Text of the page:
If we’re earning an income on 4-5 hours of sleep/night because there are mouths to feed and we’re not kicking the dog on our way out the door then love and caring is still alive and durable.


Deal With The Stress:  Minimal, Optimal, and Peak Performanceexhausted 1

We all need stress. Stress makes us stronger, more resilient. Not enough stress and we get flabby and weak. Too much and we start to break down. Peak Performance, or experience, requires a lot of stress for a short time.  We perform minimally when there’s too much stress over a long time, aka chronic stress.  We self-destruct when there’s too much or too little and, or, we feel powerless to change it.  Ideally, we would all have, all the time, just the right balance between stress and rejuvenation.  This is nothing new.

Neither is the knowledge that we are extremely adaptable anything new.  We adapt so well that, after a while, we’ve adapted to being out-of-balance-and-miserable and not knowing we’re out of balance.  We’ve become comfortable enough in our miserableness that the thought of changing anything never enters our minds.  Things are good enough.  And that’s why intentional change is so challenging.

There’s Nothing Simple About It

Personal Change, Organizational Change, even Social Change and Revolution theories and models abound. All excellent.  My favorite consists of 4 variables:  One’s Discomfort, One’s Vision, One’s Knowledge of Possible First Steps, and One’s Resistance to Change.  The Formula for Change is:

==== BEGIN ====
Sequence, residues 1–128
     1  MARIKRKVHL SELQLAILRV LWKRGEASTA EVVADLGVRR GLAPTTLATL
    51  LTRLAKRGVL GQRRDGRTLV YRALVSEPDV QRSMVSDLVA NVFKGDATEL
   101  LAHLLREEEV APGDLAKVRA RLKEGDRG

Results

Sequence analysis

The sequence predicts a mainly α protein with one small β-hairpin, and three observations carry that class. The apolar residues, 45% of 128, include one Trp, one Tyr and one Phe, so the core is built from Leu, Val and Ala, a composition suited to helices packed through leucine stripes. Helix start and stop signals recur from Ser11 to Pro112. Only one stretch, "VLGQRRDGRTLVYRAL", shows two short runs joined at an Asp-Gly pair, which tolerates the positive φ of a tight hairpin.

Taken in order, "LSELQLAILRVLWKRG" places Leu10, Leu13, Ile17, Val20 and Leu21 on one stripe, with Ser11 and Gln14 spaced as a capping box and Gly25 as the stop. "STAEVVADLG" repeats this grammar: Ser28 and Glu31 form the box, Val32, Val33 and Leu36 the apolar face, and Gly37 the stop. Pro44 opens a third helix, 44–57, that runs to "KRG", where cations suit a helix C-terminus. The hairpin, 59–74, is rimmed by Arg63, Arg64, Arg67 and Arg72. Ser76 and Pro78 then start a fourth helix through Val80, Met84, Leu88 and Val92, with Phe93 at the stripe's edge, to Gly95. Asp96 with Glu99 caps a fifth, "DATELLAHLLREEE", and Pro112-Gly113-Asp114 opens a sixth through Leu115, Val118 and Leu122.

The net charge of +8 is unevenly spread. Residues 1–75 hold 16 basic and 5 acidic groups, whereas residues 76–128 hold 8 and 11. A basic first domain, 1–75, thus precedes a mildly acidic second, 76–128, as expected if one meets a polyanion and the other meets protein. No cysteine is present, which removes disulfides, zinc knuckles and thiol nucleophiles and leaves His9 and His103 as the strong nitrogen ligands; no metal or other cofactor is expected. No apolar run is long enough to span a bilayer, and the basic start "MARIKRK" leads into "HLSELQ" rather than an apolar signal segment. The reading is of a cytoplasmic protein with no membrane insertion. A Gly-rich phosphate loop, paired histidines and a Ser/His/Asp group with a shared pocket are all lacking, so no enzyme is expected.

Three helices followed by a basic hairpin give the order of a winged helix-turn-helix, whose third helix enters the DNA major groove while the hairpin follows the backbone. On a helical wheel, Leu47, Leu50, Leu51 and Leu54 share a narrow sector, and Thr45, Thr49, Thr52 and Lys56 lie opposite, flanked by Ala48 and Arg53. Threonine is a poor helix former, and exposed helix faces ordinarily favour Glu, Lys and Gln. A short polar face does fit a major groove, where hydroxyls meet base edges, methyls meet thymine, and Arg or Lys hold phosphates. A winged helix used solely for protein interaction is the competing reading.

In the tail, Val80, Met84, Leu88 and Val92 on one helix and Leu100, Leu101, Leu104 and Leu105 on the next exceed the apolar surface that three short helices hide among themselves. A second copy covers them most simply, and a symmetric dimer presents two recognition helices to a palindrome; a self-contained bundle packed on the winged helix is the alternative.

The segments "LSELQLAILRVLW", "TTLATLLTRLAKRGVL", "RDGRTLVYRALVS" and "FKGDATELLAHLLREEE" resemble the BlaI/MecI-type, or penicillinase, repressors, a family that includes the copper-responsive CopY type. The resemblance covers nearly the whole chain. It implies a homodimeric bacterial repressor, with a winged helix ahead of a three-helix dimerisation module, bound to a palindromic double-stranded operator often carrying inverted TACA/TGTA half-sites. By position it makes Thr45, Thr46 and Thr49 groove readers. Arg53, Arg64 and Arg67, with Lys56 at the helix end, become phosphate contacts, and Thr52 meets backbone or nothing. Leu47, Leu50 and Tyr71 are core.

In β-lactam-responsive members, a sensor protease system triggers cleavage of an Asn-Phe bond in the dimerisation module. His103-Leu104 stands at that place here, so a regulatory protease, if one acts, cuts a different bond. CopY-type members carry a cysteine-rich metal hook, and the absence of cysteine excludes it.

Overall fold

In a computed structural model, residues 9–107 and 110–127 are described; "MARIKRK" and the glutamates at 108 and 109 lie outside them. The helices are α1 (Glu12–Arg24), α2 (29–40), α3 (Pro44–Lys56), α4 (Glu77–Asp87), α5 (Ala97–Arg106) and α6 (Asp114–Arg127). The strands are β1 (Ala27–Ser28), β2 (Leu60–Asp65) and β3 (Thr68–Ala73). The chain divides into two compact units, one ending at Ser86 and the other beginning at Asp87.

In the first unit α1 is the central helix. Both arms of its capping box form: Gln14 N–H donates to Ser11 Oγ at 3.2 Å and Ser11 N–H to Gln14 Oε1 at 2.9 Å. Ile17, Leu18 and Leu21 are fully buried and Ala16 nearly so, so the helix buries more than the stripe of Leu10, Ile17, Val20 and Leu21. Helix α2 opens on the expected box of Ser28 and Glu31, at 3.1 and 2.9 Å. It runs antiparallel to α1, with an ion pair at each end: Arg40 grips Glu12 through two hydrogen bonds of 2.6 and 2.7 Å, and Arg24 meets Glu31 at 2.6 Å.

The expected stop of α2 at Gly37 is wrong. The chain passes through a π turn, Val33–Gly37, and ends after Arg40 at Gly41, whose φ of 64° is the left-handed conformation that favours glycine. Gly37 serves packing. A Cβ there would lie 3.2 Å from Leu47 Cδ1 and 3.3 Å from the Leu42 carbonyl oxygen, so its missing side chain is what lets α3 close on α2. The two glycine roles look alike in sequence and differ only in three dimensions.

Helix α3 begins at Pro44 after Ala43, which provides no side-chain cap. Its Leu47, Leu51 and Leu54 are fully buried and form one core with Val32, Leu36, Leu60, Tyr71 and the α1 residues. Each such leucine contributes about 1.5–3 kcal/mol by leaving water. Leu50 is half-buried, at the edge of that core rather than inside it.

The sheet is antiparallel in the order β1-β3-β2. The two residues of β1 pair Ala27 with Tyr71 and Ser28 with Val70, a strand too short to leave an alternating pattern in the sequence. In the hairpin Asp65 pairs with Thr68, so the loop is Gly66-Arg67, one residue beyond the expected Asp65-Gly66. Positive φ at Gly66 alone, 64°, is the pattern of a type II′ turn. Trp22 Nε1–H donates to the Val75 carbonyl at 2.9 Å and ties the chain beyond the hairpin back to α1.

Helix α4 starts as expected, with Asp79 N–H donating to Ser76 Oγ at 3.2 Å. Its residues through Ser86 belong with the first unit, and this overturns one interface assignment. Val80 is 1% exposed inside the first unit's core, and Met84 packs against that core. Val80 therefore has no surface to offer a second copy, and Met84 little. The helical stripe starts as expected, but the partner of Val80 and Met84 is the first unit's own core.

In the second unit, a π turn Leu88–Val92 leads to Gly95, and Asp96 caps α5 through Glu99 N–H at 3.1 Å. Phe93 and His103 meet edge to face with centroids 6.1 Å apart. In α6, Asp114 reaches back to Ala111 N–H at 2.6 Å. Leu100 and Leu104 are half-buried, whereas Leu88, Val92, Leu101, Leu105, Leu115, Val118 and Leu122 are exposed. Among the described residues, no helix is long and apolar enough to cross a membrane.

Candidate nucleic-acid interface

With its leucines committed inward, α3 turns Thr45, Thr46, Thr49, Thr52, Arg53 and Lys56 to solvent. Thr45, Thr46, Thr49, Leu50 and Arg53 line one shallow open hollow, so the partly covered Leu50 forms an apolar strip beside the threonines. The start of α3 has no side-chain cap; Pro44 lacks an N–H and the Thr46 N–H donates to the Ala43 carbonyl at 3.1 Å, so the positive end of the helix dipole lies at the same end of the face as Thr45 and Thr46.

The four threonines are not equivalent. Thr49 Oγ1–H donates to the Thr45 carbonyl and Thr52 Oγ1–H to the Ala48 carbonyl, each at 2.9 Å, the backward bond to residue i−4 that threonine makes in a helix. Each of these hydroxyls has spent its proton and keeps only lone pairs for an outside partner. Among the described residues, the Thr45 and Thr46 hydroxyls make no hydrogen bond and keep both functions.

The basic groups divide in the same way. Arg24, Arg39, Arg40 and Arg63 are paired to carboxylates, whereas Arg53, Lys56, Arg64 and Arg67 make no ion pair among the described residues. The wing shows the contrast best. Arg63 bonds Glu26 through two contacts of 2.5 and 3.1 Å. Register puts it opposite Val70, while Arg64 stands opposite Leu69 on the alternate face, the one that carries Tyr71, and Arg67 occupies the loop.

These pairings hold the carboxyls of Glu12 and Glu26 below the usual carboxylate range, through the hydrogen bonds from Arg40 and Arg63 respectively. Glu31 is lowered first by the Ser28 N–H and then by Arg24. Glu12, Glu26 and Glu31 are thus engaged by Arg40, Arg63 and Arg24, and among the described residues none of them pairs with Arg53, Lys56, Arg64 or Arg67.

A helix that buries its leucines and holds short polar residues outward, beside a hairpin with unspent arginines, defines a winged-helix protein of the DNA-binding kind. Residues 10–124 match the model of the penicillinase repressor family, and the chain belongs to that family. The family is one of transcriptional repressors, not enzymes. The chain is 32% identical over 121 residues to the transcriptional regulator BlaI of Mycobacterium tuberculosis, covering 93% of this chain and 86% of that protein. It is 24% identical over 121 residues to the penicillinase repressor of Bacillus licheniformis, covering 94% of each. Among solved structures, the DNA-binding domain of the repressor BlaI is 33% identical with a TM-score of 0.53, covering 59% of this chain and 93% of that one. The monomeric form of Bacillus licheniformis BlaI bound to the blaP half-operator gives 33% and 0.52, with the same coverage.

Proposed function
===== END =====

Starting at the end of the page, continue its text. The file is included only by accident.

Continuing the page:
Discomfort  X  Vision  X  Knowledge of First Steps

Must Be Greater Than

One’s Resistance To Change

It doesn’t matter whether you’re comfortable or uncomfortable, the math still works.  Put a zero in someplace and see what happens.

I have found this a very helpful tool when dealing with the effects of unhealthy stress and with finding the leverage points that begin changing the formula total.

It’s too important to take too lightly.  We’re too important to take too lightly.

P.S.  feels a little light on the light-hearted today.  Take care.  Visit our Facebook Page. If that’s too depressing visit (anytime).

P.P.S. I don’t take credit for the above formula. I have tried to find the original reference and failed. All credit to the author, and thanks.